Our aim is not merely to make children understand, and still less to force them to memorize, but so to touch their imaginations as to enthuse them to their innermost core.
-- Maria Montessori
Practical Life – These exercises are designed to prepare the child for real life experiences. These activities focus on three areas: care of the self, care of the environment, and grace and courtesy. While these exercises appear completely non-academic, they develop fine motor skills and an ability to control movement, a sense of order and familiarity with the work cycle, independence and self-esteem, and most of all, concentration. They are the foundation activities for later academic exercises that require concentration and longer work cycles.
Sensorial Arts – These exercises involve specially-designed materials that were created to help develop the child’s perceptual abilities. The exercises aim to isolate qualities of materials, and to help the child refine and organize those perceptual impressions. Sensorial training is the foundation for later intellectual work.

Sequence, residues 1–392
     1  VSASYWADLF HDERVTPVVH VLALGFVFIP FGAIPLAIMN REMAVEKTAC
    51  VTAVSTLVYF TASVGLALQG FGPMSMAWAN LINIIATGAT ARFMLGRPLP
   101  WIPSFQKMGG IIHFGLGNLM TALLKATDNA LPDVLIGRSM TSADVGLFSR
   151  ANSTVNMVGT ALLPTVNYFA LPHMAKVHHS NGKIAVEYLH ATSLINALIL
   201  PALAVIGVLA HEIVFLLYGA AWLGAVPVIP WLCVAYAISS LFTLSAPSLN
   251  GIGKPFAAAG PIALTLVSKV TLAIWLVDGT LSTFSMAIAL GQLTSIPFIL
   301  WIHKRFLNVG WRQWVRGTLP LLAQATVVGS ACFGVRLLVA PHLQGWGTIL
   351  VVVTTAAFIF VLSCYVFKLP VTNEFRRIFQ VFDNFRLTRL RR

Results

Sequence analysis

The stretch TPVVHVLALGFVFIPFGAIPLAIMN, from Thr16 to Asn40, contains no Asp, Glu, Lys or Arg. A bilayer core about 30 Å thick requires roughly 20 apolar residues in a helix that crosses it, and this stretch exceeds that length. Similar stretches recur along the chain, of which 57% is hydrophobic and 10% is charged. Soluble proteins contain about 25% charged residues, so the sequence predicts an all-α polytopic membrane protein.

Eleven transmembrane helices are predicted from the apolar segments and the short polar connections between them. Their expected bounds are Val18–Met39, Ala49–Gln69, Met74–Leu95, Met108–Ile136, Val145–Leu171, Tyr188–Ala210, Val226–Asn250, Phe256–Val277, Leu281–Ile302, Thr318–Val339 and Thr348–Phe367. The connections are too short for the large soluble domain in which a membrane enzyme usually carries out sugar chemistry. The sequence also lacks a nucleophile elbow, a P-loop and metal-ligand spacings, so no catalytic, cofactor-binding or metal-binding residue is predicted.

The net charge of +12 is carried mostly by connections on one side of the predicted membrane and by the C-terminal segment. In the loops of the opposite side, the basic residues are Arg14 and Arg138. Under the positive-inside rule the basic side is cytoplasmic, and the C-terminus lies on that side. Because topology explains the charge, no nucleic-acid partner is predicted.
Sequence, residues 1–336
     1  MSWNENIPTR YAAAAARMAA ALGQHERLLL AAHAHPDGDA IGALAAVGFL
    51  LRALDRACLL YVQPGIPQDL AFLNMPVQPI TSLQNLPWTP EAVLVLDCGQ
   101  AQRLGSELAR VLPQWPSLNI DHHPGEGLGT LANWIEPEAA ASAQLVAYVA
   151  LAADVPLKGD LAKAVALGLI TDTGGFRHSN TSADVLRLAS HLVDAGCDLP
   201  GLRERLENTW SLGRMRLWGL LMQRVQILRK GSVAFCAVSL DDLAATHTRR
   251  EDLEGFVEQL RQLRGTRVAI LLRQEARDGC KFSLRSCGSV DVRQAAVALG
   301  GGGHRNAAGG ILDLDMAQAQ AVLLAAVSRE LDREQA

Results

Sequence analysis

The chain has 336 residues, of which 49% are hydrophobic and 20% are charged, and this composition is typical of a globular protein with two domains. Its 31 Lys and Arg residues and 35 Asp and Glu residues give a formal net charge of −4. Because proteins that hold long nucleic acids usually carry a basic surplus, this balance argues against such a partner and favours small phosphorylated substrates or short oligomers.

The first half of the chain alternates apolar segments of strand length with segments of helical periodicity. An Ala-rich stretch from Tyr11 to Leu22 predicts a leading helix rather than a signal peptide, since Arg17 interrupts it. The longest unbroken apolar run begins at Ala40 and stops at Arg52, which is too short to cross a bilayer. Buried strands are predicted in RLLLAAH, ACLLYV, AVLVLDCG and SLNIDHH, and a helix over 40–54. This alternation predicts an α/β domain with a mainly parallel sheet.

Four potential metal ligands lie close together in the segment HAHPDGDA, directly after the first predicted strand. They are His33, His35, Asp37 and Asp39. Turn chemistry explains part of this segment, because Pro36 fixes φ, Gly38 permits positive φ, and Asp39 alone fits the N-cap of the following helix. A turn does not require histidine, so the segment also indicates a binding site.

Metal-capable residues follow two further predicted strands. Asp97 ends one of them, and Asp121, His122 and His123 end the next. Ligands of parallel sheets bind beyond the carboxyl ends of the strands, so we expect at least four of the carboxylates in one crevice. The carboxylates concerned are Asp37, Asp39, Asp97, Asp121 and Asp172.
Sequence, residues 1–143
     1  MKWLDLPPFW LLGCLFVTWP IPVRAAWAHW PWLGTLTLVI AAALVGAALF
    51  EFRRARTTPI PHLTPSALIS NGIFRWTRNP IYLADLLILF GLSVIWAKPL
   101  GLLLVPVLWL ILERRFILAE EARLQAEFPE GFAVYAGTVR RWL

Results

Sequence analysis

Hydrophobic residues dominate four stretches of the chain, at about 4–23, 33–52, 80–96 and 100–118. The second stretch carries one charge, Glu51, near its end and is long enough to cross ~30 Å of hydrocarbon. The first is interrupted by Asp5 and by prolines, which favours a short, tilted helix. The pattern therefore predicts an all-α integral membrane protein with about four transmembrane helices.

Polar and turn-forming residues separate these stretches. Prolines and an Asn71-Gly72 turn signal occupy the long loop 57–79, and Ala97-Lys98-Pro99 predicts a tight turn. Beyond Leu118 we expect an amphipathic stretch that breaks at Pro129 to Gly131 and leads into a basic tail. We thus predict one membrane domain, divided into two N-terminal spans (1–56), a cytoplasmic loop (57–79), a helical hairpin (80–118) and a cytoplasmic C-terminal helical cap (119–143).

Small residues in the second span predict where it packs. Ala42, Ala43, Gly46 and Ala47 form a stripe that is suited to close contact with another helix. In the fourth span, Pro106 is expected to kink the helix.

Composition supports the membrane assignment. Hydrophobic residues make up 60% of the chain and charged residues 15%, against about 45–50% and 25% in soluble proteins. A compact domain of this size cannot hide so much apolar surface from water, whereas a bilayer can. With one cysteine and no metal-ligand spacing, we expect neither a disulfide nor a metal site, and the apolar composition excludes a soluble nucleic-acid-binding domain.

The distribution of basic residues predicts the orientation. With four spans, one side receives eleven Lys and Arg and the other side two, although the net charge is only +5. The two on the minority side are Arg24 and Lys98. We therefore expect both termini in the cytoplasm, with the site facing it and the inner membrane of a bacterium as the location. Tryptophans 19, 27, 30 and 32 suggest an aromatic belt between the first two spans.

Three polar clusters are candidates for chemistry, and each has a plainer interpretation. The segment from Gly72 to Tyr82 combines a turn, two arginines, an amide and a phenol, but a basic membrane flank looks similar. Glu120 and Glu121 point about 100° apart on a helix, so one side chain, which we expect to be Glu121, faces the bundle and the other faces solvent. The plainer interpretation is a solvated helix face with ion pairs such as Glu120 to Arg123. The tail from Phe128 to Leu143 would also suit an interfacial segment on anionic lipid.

Sensorial materials cultivate the different senses. Visual materials include those that help isolate qualities of color, shape and sizes, as well as more advanced geometry-based materials. Other materials are designed to develop other senses, such as: touch (smooth and rough, hot and cold, heavy and light); hearing (loud and soft, high and low); smell (spices, herbs, flower scents); and taste (sweet, sour, salty, bitter).
Language – One of the most powerful ways of entering the world of reading is through a well-organized Montessori program. Literacy begins with exposure to an environment that encourages speaking, sharing and listening to stories. Opportunities for oral expression and vocabulary acquisition are provided.